NEW DELHI: The Union government will look at increasing Foreign Direct Investment (FDI) limit in airlines, a move that was earlier bitterly resisted by many Indian carriers including the now-defunct Jet Airways.
Finance Minister Nirmala Sitharaman, in a select interaction with the media, said that the government “can think of a bit more than 49 per cent” FDI in civil aviation. However, she indicated that this would be a decision taken together with her colleagues.
On Friday, presenting the budget, the minister had said that “the government will examine suggestions of further opening up of FDI in aviation, media and insurance sectors in consultation with all stakeholders.”
Currently though, FDI of up to 100 per cent is allowed in airlines; this is subject to government approval on a case-to-case basis. Under the automatic route, where permissions need not be sought for investment, FDI in scheduled airlines and regional air transport services is limited to 49 per cent.
For long, many Indian airlines resisted opening up of the sector to FDI, stalling many plans for foreign carriers to fly into India with or without Indian partners, including an early Tata proposal in the 1990s.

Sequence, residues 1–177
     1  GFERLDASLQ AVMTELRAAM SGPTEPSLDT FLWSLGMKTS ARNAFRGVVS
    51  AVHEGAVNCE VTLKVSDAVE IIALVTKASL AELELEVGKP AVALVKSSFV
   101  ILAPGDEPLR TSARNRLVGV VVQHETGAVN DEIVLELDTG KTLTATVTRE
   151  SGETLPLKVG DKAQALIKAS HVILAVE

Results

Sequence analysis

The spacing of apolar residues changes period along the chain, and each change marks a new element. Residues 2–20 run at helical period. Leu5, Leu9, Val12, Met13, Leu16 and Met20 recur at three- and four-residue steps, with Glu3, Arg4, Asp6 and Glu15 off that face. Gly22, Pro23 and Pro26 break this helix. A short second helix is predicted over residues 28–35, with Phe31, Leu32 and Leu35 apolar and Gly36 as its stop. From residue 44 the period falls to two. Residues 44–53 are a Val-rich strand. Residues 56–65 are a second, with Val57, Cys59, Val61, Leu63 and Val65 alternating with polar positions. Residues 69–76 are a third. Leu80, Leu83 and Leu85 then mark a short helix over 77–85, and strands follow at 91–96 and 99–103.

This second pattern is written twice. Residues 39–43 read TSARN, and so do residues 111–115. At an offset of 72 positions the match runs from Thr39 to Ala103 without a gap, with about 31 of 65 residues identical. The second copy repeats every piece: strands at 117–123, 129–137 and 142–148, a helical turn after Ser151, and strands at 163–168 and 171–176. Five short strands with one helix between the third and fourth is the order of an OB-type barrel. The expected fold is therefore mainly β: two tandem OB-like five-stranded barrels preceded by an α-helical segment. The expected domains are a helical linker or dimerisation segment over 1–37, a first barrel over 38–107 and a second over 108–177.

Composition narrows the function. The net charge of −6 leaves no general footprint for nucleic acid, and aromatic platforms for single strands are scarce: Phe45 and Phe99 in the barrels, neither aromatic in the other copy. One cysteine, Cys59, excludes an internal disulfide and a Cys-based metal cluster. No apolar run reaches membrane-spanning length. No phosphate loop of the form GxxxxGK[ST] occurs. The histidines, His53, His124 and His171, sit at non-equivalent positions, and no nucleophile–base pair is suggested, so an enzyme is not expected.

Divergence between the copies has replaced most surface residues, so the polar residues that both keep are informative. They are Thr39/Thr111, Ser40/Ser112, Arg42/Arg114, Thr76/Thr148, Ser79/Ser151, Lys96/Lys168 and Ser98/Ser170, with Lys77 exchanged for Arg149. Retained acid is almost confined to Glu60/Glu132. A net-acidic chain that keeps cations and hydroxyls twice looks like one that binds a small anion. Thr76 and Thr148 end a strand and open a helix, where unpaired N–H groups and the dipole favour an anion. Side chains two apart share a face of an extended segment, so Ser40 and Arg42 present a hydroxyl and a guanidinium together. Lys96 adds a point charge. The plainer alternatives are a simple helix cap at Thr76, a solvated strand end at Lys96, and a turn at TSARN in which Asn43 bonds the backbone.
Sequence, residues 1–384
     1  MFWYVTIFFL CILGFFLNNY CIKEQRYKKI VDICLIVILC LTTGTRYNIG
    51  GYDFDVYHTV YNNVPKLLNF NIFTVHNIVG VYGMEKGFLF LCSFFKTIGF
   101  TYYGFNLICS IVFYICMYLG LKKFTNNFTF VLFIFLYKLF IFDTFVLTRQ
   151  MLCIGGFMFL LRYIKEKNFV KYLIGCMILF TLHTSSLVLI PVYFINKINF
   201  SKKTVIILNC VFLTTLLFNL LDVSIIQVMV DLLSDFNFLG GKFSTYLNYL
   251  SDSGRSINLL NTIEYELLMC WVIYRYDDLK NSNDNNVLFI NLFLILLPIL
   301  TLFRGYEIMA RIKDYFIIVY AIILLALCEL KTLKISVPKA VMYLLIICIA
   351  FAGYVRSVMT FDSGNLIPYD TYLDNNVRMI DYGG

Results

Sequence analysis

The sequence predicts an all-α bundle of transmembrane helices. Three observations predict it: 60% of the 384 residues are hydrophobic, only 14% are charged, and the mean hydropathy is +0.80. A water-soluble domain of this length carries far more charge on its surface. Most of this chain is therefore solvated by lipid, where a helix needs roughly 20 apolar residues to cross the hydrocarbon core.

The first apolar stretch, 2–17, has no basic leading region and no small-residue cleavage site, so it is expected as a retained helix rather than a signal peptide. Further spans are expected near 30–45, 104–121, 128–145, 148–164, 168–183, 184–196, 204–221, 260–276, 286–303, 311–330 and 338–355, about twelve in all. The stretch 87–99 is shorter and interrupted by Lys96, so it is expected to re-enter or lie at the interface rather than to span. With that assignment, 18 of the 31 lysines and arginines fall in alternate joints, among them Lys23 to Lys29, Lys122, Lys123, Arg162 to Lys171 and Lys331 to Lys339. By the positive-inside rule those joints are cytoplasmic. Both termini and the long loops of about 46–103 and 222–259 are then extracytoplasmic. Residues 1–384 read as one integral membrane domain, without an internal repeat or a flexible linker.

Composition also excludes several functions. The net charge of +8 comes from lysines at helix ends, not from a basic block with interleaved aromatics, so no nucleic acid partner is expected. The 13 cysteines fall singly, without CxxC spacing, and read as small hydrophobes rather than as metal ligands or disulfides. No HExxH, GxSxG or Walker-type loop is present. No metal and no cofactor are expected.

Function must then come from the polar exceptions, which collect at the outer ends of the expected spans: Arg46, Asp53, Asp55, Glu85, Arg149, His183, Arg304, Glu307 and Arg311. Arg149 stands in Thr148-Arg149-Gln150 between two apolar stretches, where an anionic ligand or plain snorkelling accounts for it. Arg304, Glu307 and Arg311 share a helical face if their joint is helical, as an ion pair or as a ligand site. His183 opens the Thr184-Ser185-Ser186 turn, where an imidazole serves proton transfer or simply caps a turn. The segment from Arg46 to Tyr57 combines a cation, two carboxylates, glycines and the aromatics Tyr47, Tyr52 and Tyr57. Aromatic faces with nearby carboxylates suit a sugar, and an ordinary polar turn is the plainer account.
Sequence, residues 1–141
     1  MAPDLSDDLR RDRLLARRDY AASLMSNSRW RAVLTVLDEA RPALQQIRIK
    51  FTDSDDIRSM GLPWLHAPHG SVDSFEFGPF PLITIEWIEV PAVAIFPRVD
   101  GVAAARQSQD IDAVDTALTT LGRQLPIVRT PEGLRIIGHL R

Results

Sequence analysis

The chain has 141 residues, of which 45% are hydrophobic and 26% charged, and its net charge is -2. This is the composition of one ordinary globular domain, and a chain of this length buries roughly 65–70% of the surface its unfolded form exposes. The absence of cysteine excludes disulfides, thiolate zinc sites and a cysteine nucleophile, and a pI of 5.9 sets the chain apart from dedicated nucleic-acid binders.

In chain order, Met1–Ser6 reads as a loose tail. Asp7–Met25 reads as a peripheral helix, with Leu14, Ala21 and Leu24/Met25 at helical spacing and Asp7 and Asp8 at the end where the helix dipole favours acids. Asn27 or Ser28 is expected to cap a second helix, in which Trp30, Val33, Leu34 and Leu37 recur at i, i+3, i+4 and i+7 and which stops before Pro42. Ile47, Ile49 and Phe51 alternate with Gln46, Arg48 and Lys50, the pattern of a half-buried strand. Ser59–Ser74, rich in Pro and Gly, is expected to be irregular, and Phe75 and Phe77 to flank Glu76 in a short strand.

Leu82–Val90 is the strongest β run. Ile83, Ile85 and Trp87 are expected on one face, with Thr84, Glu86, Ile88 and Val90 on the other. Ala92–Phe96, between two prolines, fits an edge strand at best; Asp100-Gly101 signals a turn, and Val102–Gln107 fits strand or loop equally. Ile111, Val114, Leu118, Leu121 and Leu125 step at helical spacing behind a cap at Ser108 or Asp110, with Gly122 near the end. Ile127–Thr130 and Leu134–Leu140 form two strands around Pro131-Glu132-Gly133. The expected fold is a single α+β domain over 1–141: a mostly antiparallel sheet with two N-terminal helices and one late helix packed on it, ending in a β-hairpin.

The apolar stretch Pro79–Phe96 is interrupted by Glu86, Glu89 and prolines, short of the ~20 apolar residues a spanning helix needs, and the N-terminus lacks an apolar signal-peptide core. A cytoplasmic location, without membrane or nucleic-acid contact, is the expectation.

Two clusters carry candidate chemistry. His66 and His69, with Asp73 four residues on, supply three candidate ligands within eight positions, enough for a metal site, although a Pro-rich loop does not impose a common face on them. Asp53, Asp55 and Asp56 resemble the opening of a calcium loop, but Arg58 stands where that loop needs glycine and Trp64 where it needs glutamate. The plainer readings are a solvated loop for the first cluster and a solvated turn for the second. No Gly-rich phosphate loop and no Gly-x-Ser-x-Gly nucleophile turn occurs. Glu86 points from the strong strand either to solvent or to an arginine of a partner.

However, if the proposal to raise FDI cap goes through, it might help sell not only Air India and the rump portion of Jet Airways, but also other Indian airlines that have been going through a rough patch.
Earlier too, many foreign airlines had shown interest in entering the Indian market by setting up a subsidiary, but have been deterred by local rules.
Sitharaman is also looking at India entering aircraft financing and leasing activities from Indian shores.
Till now, India’s airlines have for long rented aircraft from abroad, paying hard dollars in rentals that with every currency fluctuation added to their financial woes.